One could argue that the social institution of the Literati functioned as a central teaching authority. There is no doubt that they set up the system to which any person of talent and ambition who wished to advance would have to conform. Complete with its regimen of demanding examinations, degrees, and apprenticeships, the Literati system of public service also had its religious implications, given the overall context in which traditional Chinese saw the role of the emperor. And there is no doubt that the system offered little or no flexibility—make the grade or wash out. The Literati system was, therefore, a central teaching authority for a limited segment of society. Even the ordinary people in towns and villages came under at least indirect influence of the system. But the system did not make its demands on regular people the way it did on those who aspired to rise within its ranks.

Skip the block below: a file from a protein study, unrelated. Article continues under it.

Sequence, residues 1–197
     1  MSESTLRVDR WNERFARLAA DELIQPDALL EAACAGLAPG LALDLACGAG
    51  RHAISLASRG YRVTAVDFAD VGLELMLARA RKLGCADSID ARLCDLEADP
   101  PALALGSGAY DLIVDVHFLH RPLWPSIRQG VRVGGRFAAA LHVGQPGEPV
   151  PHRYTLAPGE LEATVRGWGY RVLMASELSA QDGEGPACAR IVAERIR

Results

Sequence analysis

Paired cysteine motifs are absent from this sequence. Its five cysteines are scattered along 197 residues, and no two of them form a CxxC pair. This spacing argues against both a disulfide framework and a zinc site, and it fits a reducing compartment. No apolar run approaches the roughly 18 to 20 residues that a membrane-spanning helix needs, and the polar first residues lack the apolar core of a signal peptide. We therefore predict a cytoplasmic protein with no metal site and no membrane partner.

A wen miao, or memorial hall, in Shanghai.